This book examines the relationship between administrative ideology and the logics of public administration research in the historical and institutional contexts of Korean public administration. I have mainly published books on public administration research methodology and the structure of the administrative theories. Based on these works, I would like to focus on the relationship between the issues in administrative ideology and the logics of public administration research in this book.
My ultimate academic interest is “Korean public administration.” I have spent a substantial amount of time preparing for the research, but I have not yet been able to carry out a satisfactory study to establish a systematic theory on Korean public administration. Thus, the current study aims to investigate, primarily, the Korean public administration and the study of public administration.
The books that I have been preparing for the study of Korean public administration are as follows.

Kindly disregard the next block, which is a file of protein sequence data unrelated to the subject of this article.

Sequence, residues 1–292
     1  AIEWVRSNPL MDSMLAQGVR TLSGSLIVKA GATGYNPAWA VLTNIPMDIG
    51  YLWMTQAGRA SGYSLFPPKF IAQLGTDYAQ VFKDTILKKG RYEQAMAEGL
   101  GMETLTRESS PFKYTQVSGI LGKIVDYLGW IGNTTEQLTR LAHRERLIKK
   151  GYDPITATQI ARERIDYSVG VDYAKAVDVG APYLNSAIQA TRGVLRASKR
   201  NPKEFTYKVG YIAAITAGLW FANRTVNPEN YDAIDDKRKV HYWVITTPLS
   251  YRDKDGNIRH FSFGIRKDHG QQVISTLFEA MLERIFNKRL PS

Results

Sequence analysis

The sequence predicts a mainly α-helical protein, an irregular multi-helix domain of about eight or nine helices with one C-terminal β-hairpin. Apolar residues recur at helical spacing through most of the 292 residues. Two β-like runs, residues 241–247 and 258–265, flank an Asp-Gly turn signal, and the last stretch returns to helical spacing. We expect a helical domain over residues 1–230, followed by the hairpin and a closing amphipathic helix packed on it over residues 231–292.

The first is The Logic of Social Science Research: Focusing on Political Science and Public Administration (Pakyoungsa, 1981; 1995). This book aims to establish the logics of political science and public administration research by analyzing the system of the socalled mainstream social science methodology that was popular in the United States in the mid-20th century. In particular, the book attempts to assist in understanding the structure of the empirical theories of public administration. For that purpose, it explores the “paradigm” structure of empirical theories by organizing the theories considered to comprise a grand theory at the time, such as the political psychological theory, group theory, structural functionalism, communication theory, and systems theory. I believed that this paradigm system would help establish a foundation for public administration theory. A later revised version of this book includes a discussion of the perspectives from hermeneutics and critical theory that reflect the criticism of the empirical research methodology.